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Trey Flowers 2015 NFL Draft scouting report

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Potentially in need of some edge-defending depth, could the Buffalo Bills take a look at Trey Flowers of Arkansas in the middle rounds?

Beth Hall-USA TODAY Sports

All of Buffalo Rumblings' 2015 NFL Draft coverage can be found in our NFL Draft section. These scouting reports are part of our 2015 NFL Draft big board, which is also available under the "Library" header on our site's navigation bar.

Trey Flowers

  • Position: Edge Rusher (ER)
  • Class: Senior
  • College: Arkansas
  • Ht/Wt: 6'2", 266 pounds

Scouting Report

Trey Flowers is a shorter (6'2") edge rushing prospect with enough weight and arm length that he can be projected to play as a defensive end in a 4-3 or a rush linebacker in spite of that height. While he started a ton of games at Arkansas, there are still parts to his game that need improvement for him to be an effective pass rusher in the NFL.

Flowers plays with good functional strength. He hits linemen with a jolt at initial contact, and is rarely pushed back in the run game. He has the potential for a good bull rush, although he needs to work on shedding the block once he has a lineman backing up. His best move is a rip, used on the tackle's inside shoulder to split the tackle and guard for a pressure. Flowers has a good burst off the line straight ahead, and while he's not a fast direction changer, he has good balance and is capable of peeling off a block to tackle a running back that has moved past another lineman.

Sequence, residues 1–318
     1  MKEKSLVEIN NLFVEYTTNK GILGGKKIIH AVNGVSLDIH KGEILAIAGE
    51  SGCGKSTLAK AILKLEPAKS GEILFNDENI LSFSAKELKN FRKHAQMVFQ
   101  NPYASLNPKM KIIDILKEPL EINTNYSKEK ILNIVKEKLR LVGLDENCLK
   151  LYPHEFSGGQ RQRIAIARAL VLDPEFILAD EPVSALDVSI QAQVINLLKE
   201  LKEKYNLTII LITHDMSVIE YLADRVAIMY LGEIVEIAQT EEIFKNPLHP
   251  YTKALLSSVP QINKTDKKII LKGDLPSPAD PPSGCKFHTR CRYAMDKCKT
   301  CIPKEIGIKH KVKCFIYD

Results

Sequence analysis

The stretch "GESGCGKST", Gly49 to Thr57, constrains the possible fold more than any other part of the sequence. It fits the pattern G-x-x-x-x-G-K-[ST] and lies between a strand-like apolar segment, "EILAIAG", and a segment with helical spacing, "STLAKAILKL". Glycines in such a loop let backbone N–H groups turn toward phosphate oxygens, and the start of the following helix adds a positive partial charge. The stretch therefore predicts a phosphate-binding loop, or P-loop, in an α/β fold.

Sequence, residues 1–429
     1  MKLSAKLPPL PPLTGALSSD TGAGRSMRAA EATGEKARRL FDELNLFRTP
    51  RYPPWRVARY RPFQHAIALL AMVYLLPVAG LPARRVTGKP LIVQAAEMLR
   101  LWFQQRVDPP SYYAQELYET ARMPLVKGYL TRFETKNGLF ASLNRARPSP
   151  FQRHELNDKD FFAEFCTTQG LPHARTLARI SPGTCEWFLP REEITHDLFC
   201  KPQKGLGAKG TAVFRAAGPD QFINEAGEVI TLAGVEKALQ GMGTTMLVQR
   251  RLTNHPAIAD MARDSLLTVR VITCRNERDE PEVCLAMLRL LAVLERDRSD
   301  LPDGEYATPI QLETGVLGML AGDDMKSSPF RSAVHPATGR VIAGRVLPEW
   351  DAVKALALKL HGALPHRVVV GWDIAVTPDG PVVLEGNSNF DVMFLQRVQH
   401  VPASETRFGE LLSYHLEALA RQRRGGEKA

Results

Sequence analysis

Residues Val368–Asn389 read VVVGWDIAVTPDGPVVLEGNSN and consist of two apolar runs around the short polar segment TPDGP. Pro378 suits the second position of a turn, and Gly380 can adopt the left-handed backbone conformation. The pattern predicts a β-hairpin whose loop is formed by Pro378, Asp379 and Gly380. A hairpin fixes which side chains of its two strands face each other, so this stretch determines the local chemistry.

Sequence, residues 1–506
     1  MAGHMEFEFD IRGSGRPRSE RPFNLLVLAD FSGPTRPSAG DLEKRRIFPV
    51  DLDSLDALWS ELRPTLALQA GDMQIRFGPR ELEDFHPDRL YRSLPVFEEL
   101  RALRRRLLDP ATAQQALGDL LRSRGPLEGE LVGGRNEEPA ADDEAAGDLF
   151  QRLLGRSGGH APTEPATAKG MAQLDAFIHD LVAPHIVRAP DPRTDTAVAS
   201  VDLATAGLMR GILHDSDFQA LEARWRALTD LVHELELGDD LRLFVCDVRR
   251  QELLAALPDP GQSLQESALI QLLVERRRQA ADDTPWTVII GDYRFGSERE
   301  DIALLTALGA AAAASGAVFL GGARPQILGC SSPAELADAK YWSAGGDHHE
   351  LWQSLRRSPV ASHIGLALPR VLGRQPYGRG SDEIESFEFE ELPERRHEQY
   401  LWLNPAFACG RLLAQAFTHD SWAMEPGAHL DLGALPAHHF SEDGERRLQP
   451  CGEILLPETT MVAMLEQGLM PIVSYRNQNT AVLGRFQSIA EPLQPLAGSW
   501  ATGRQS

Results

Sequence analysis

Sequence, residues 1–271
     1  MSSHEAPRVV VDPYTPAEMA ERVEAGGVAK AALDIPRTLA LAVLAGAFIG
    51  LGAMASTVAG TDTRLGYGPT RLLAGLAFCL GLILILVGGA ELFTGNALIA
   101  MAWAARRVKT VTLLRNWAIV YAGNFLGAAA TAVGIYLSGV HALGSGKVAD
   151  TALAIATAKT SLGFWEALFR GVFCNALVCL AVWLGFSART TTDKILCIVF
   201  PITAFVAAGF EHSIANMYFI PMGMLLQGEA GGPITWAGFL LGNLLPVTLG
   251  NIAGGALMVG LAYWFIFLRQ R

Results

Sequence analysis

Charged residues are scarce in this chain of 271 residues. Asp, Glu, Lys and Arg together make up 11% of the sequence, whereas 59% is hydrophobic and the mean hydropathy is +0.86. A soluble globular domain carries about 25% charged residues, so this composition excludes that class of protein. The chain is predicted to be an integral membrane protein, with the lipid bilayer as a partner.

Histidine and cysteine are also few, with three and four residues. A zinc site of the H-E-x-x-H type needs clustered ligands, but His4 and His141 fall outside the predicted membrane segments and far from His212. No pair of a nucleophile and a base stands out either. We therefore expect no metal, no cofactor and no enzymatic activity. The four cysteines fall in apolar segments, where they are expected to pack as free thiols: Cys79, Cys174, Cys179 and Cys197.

Flowers also has a knack for contorting his body under a block to tackle a running back in the backfield. While he was never a sack artist in college (18 sacks in four seasons), his 47.5 tackles for loss are an indication of how frequently Flowers defeated running plays. In both the passing game and the running game, Flowers' success is dependent on his hand usage. When his hands are actively moving, he can control a tackle, make them think, and make them susceptible to mistakes. When he forgets to use his hands, he doesn't go anywhere.

And that's the thing about Flowers' flaws: it feels like they manifest because he forgets or doesn't know what he's supposed to be doing. Is that something you can correct by teaching him a proper approach? Or has he still not developed the skills after four years at Arkansas, meaning he'll never pick it up in the pros? Take his stunts, for example: Flowers would often stunt around a defensive tackle on pass rushes, but for every great rush where he'd shoot the A gap and make a pressure, he had several long, looping approaches that went nowhere.

Grade

In Flowers, I see a somewhat scheme-limited edge rusher with starter's upside, but also with some definite limitations to his game. He'll always be more effective as a run defender than a pass rusher, and I'm concerned that some of his weaknesses might never be resolved. But if you pick him, you know you're getting a guy who's athletic enough and productive enough to slot in as a rotational edge rusher with upside. If he's picked in the third round, that doesn't sound so bad.